Large companies use data to become proficient and knowledgeable.  However, the returns on data analytics are marginal (at least when done by humans) and often lead to a blind spot where large firms are unable to see the unrealized potential of what lies ahead, preventing them from developing new products that grow market share.  The best early-stage companies are able to get a viable product to market quickly, and thanks to a myriad of new tools, collect as much data as possible including how customers use their product, customer acquisition costs, and customer value.  Combining these types of data with a vision for the future of an industry can be a powerful pairing.

– Big Company: Hire for Resume; Startups: Hire for Culture

When I decided to go back to school in order to get my MBA I knew I was adding a checkbox to my resume for certain positions within large companies.  Little did I know, my passion for startups would prevent that from becoming useful.  Yet, my intentions highlighted an issue with many large firms, they hire exclusively based on things like titles and advanced degrees.  While it’s true that these things can be an indication of effectiveness and leadership, it is certainly no guarantee.  Large companies often neglect things chemistry and creativity.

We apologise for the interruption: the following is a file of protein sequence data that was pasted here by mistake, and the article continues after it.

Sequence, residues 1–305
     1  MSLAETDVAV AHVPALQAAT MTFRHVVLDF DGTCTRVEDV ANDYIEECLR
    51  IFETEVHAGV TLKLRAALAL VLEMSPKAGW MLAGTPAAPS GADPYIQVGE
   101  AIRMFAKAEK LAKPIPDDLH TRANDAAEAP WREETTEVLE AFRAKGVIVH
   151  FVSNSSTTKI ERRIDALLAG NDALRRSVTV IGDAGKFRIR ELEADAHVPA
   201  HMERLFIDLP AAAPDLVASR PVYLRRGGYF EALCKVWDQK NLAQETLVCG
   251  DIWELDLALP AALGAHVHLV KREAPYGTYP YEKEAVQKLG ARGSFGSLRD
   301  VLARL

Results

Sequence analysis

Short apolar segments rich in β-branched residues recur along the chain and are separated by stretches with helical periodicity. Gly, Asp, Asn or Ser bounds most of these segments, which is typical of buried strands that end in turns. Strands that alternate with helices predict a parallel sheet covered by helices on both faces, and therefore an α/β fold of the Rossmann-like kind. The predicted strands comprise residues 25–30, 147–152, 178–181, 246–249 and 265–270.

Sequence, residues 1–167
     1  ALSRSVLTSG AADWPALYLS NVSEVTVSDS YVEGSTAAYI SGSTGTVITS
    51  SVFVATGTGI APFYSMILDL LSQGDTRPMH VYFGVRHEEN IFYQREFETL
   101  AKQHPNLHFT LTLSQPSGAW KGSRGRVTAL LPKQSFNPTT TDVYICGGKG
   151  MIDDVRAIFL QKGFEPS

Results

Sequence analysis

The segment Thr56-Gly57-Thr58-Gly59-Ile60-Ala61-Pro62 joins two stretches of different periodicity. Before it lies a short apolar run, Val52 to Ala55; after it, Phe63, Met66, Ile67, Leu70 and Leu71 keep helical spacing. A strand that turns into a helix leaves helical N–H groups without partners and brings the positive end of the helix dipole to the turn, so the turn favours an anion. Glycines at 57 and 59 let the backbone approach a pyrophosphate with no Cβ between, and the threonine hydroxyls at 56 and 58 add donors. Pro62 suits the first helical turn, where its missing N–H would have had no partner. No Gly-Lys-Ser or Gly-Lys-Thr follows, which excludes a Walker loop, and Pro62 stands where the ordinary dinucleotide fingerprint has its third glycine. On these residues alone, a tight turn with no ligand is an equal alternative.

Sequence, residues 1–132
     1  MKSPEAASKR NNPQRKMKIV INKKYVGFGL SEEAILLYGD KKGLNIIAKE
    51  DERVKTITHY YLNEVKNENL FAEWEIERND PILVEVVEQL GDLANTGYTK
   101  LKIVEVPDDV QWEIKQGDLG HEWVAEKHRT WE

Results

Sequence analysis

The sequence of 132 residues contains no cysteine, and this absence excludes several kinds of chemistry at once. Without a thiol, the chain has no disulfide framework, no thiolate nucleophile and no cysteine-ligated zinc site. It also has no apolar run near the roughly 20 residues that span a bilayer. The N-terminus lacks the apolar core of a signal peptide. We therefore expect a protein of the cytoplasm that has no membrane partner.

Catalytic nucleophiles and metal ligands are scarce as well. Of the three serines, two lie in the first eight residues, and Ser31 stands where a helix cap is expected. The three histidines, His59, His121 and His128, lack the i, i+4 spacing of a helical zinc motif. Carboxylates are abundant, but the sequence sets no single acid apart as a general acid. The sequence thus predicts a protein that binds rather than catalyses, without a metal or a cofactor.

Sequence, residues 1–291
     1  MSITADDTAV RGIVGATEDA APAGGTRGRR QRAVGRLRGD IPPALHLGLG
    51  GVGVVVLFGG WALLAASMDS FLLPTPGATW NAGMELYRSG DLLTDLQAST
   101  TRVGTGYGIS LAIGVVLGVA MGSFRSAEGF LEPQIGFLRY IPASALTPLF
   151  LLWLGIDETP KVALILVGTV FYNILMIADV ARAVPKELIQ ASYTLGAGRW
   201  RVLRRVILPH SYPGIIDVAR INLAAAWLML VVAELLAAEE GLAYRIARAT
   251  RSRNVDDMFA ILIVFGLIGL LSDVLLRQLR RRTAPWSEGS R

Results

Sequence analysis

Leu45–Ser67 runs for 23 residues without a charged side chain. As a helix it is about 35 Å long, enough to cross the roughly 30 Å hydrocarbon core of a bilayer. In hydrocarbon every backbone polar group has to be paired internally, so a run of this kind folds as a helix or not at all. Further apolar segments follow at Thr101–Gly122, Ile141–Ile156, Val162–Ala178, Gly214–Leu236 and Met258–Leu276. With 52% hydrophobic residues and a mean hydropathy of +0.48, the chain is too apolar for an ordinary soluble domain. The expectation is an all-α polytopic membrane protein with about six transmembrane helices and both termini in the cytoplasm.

If large companies neglect culture fit, startups can often do an exact 180 and over-value it.  While I still immensely value culture, I’ve also learned that results (good or bad) are part of the culture and often what is seen as good culture is actually vanity perks masquerading as such. What does this look like in hiring? It means doing things like having subordinates interview their potential new boss for “buy-in” or expecting someone to adhere to the “work hard, play hard” schedule.  I’ve fallen into that latter bucket with people we hired only to be proven completely wrong about the person’s work-ethic and capability.